Ian Sales’ second novella in his Apollo Quartet, The Eye With Which the Universe Beholds Itself, will be published in early 2013. The first, Adrift on the Sea of Rains (which I wrote about here) projected an alternative 1970s during which the Apollo program was not discontinued, but was developed to found a moonbase, a research station for the investigation of Nazi ‘wunderwaffe’ (miracle weapons). These ‘wunderwaffe’ include die Glocke, ‘the Bell’. In a short story available as a chapbook or ebook, Sales imagines a pre-history for this wonder-weapon, in which the Nazi scientist Rotwang constructs a cyborgised ‘Maria’ to travel through the portal that the Bell opens in space-time, he presumes to another part of the planet. When the protagonist follows Maria through the portal, he discovers that the Bell is no teleportation device, but a means by which to travel into the far past, or (perhaps) another, parallel world. ‘Wunderwaffe’ is a highly enjoyable mash-up of Metropolis, Nazi myths, Ultima Thule/ Atlantis legends and time-travel sf; in its playful use of a range of generic and pop-cultural material, it corresponds to a story like Charles Stross’s ‘A Colder War’, where the Cthulu mythos is stitched onto the Cold War and Space Race eras.
‘Wunderwaffe’ also has a bibliography; so do Adrift on the Sea of Rains and The Eye With Which the Universe Beholds Itself. In some ways, this seems like an extension of Sales’s preference for verifiable, science-based sf that didn’t need implausible gosh-wow special effects and OTT space-operatics to be good science fiction, or indeed to entertain’ (from his Introduction to the collection Rocket Science, 2012, edited by Sales himself). The bibliographies seem to privilege fact, not fabulation; research , rather than making up worlds out of whole cloth. We can, however, see the bibliography as part of the apparatus of the text itself, part of a world of documentation, a textual world: the world of scientific reports, NASA manuals, technical files. In both novellas, much of the historical backstory and framing context is given in a ‘Glossary’ section, which ostensibly concentrates on the technical details of the story (Apollo or Ares missions, names for craft and suits) but is a kind of parallel texts, a means of providing information without disrupting the economy of the novellas’ narratives. In The Eye With Which..., an important ‘Coda’ is placed between the Glossary and Bibliography. So, while seeming to offer a transparent, hard-sf narrative, Sales’s texts actually reflect the playfulness of what once might have been called ‘postmodernist’ fiction, and require the reader to do a bit of decoding.
This is also true of the actual story of The Eye With Which..., because, as the second text in the Apollo Quartet, one might expect a continuity with the world of Adrift on the Sea of Rains. Not so. Careful examination shows that the latter novel is, in fact, on a subtly different time-line, though both novellas extrapolate from the Apollo program. In Adrift..., the extended Moon program is a direct extension of the historical Apollo; in The Eye With Which..., the point of divergence is the moment in the descent of Apollo 11’s LM when Armstrong, in ‘our’ world and history, piloted the module manually to a safe landing. The Eye With Which... predicates NASA’s Mars program (named Ares) on Armstrong’s decision to abort the landing, which then gives the opportunity for the Soviet Zond program to land Cosmonaut Alexei Leonov on the Moon first. (In our history, the catastrophic failure of the 3 July 1969 test of the N1 rocket delayed the Soviet program for 2 years, and no Cosmonaut ever walked upon the Moon.) This failure drives the US to land a human being on Mars, which is the Ares program; this first man is the protagonist of The Eye With Which..., Major (later Brigadier General) Bradley Emerson Elliott.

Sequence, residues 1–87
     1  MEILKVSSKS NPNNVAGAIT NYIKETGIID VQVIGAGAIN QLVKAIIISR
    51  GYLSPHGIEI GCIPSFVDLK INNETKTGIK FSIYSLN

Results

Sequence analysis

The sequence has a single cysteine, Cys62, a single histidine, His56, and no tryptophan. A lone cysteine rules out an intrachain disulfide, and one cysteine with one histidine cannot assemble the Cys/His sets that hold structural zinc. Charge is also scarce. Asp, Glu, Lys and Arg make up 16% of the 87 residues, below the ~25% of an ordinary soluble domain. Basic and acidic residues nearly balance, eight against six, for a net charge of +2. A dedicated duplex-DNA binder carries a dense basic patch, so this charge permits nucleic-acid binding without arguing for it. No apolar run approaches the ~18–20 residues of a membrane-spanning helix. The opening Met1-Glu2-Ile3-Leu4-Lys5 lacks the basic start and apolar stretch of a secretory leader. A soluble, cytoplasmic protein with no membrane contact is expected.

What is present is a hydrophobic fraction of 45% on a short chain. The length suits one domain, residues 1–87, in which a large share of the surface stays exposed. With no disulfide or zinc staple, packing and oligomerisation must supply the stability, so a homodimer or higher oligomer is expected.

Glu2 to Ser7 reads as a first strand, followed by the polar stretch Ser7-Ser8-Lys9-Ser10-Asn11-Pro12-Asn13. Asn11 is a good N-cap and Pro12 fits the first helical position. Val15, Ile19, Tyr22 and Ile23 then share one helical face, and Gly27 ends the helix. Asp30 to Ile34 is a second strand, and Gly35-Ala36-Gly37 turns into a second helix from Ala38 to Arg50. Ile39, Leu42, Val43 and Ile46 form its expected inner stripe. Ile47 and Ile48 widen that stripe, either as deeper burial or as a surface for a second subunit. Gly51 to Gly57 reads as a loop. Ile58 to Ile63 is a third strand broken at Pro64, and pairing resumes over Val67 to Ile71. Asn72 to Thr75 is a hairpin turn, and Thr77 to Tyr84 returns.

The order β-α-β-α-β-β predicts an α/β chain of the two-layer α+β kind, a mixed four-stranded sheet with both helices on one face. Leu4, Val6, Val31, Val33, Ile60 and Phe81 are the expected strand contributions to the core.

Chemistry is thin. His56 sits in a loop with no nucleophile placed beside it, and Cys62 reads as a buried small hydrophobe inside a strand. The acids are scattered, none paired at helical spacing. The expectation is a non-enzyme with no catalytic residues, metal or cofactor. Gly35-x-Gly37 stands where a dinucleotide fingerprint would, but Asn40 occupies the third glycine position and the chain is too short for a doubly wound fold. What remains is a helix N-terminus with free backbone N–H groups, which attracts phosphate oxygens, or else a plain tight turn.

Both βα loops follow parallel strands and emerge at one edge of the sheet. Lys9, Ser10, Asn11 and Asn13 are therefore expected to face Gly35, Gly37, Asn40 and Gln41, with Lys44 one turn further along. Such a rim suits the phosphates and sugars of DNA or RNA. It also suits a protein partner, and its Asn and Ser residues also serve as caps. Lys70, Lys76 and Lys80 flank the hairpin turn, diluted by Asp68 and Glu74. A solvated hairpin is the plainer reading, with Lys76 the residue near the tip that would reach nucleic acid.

The Eye With Which... is a narrative with a double time-frame; in 1979, Major Elliott lands upon Mars, and makes a discovery that will alter the possibilities of human exploration of the galaxy; in 1999, Brigadier General Elliott (long since absent from NASA) is invited to travel to a distant star aboard a craft powered by the technology that is a result of his Mars landing. It’s a cunning device, and works really effectively: time is itself in a kind of flux, unstable, just as it is under the influence of die Glocke in Adrift... and ‘Wunderwaffe’. Sales ties in the second mission with Elliott’s growing estrangement from his wife, a consequence of his career as an astronaut (and the kind of desires and gratifications that career entails). The characterisation of Elliott is an advance on the heroic Peterson of Adrift..., and the sense of those left behind (the astronaut’s wife as a kind of symbol) becomes crucial to the emotional import of the story. A later novella in the quartet is promised to feature an astronaut’s wife in the centre of the narrative.
One of the strengths of The Eye With Which... is how it handles fairly hoary sf tropes (FTL drive, alien artefacts) within a concrete world not very far removed from the technological development of our own. Eliott travels to the FTL craft aboard ships not noticeably more refined than Apollo Command Modules; the interiors of the stations he visits are recognisable from Skylab or Mir. Inter-service rivalries and resentments are apparent, and the Space Command astronauts seem at once respectful of and suspicious of their distinguished visitor. There’s a human emotional complexity to The Eye With Which... that is an advance upon the technical homosocial group of Adrift..., though it’s is still predominantly a masculine world. The consequences of that gender imbalance are, though, much more apparent.